1910. Mycroft Holmes asks his brother Sherlock and Dr. Watson to travel to Vienna and find the stolen plans and prototype for an electromagnetic bomb detonator. Once there, they are ...
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King Edward ask Sherlock Holmes to perform one more task before his retirement: to safeguard the Star of Africa on a trip to Cape Town. Soon the fabled jewel is stolen and several people end up being murdered.
1910. Mycroft Holmes asks his brother Sherlock and Dr. Watson to travel to Vienna and find the stolen plans and prototype for an electromagnetic bomb detonator. Once there, they are reunited with Irene Adler, who has once more taken up her former profession as an opera singer.Written by
The TV Archaeologist
At one point in the story, Sherlock Holmes encounters an American lawman named Eliot Ness (who in reality was to win fame in the 1920s for his efforts to enforce the Prohibition laws). Ness does tell Holmes that this is his "first case" in which case he must have been very precocious, the story is set in 1910, while Ness was born in 1903, which would have made him seven years old at that time. See more »
SHERLOCK HOLMES AND THE LEADING LADY looks great on paper. It's an epic 3-hour TV miniseries featuring Holmes and Watson as old men, still trotting the globe and sorting out criminals wherever they meet them. The narrative features the return of two fan favourites (Mycroft and Irene Adler) in a brand new adventure. The film was made by veteran producers Harry Alan Towers and Egypt's Frank Agrama (DAWN OF THE MUMMY), among others, and shot in Luxembourg - no doubt due to the tax breaks available there. The director was Peter Sasdy, a seasoned Hammer veteran who certainly knows his stuff. Finally, and best of all, it features Christopher Lee and Patrick Macnee as the intrepid twosome.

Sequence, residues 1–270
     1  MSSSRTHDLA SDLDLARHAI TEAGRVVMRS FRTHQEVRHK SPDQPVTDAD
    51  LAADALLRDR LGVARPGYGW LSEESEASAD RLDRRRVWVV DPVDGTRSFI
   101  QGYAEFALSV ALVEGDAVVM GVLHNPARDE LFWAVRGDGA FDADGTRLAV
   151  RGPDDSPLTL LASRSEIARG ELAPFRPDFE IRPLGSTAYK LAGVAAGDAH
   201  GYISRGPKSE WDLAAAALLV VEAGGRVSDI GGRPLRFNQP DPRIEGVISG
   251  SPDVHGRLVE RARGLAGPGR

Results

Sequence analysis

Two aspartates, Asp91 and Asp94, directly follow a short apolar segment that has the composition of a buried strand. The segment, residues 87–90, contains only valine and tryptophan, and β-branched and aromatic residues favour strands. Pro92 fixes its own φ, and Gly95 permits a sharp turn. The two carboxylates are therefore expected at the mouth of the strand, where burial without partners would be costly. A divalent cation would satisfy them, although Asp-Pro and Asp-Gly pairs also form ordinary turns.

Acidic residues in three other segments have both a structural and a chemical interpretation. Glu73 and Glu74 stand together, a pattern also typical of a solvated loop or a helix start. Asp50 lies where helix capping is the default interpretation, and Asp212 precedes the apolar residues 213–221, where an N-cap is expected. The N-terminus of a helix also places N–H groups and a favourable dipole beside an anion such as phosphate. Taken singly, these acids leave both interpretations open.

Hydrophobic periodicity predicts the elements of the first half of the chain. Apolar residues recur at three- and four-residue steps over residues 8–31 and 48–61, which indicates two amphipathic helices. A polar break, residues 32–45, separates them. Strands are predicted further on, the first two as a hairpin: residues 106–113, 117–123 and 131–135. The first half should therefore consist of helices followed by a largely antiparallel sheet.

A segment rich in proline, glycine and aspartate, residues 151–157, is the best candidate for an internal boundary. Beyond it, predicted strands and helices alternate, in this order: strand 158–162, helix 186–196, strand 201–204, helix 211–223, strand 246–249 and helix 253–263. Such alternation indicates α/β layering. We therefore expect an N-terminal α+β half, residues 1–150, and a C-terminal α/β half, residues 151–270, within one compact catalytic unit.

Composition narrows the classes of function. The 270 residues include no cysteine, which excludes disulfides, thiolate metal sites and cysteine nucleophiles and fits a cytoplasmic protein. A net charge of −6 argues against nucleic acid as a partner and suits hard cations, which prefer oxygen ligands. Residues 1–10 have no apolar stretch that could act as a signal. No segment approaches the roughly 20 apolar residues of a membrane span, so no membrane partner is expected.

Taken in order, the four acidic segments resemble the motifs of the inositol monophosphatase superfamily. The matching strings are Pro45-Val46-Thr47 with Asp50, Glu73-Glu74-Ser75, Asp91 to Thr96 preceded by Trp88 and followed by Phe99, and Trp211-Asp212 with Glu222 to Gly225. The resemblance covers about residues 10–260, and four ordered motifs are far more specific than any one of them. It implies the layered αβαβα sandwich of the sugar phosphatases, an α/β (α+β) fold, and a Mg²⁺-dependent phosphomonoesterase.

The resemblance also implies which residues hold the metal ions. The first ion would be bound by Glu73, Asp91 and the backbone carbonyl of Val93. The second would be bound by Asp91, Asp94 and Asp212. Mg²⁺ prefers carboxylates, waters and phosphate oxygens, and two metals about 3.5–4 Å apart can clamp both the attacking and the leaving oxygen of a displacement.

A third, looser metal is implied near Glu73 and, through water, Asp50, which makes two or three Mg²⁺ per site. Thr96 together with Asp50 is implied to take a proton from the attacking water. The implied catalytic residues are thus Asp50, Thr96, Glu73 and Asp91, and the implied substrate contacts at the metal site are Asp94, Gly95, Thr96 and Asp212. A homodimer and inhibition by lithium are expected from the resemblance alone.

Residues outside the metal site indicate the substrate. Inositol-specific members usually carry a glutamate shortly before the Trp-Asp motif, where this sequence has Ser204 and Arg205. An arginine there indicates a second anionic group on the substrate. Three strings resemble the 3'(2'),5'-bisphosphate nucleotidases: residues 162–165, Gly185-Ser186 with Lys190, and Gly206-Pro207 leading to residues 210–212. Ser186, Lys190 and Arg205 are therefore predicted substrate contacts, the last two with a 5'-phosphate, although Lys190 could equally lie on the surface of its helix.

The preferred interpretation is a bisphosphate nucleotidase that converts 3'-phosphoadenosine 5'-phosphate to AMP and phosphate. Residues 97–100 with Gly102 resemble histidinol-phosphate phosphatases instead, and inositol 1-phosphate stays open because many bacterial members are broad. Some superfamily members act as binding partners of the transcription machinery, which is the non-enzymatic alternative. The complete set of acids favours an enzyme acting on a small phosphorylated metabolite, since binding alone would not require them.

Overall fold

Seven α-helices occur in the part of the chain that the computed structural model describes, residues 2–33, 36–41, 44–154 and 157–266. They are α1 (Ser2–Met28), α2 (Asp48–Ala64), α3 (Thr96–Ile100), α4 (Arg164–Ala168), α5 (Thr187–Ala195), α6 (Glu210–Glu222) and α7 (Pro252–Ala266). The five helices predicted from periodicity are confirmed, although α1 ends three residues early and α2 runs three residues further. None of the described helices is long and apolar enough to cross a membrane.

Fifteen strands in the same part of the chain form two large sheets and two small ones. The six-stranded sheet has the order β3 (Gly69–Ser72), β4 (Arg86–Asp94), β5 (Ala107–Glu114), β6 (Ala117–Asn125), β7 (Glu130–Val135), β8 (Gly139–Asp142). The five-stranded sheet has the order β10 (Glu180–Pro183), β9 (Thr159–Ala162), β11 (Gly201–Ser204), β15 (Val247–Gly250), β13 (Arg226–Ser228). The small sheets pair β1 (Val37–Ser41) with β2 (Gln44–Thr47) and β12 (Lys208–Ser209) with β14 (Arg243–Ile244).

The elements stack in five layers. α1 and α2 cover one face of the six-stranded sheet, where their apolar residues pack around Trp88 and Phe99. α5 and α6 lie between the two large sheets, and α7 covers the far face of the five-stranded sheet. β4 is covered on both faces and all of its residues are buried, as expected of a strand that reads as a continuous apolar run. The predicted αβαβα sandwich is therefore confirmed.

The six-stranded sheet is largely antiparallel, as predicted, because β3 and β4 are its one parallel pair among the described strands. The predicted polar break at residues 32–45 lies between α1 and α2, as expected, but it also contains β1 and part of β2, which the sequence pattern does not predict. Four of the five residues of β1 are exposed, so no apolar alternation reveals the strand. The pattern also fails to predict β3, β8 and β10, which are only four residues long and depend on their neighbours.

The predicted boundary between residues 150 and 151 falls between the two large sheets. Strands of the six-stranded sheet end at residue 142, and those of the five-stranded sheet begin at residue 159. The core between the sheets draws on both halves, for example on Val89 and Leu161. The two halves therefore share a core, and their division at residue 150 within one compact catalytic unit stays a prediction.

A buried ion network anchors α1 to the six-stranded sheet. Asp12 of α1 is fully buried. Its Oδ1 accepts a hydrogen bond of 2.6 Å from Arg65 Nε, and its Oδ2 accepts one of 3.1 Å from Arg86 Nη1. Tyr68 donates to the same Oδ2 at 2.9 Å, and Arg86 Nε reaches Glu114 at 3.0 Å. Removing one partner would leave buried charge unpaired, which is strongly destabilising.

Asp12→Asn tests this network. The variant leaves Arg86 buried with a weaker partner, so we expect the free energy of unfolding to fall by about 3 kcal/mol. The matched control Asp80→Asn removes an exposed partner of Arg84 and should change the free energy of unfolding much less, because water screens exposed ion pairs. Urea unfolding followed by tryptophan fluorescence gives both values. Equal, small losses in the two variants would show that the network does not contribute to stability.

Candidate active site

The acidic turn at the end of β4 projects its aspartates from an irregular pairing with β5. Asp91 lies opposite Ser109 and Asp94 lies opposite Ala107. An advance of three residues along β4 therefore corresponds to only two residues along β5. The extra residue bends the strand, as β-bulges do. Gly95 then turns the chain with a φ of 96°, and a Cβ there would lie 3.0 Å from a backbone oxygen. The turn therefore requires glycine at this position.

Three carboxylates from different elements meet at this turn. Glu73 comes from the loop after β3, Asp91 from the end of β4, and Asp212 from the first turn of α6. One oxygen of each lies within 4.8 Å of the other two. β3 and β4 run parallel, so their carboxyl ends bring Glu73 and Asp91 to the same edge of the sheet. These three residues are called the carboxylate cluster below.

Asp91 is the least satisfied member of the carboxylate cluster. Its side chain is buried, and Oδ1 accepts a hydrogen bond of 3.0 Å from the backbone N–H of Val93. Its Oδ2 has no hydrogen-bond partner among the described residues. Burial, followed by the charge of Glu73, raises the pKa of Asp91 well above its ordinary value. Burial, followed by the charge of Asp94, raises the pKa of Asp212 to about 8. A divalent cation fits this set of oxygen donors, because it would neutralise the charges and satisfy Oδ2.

Unfortunately, such a production could never meet the standards expected from the sheer quantity of talent involved, and this turns out to be an entirely middling affair. It's watchable, certainly, but also long-winded, and the insistence on throwing real-life characters in the mix, like Sigmund Freud and, most bizarrely, Elliott Ness, is an odd one. There were two scriptwriters, one British and one American, and I blame the latter for the annoying US-centric elements, not least Morgan Fairchild's presence as Irene Adler. Talk about out of place...
Still, it's not all bad. Lee is, as you'd expect, excellent as the famous detective, bringing him ably to life in his twilight years. Macnee is the closest we've got to the lovable Nigel Bruce yet, and the supporting cast features some experienced British character actors like John Bennett and Ronald Hines; the presence of Engelbert Humperdinck is more of a mystery. Speaking of mystery, the plotting is perfectly adequate, but there's little true deductive reasoning for Holmes to carry out; the whole thing seems beneath him, and occasionally he seems a bit stupid and a far cry from the original Conan Doyle creation.
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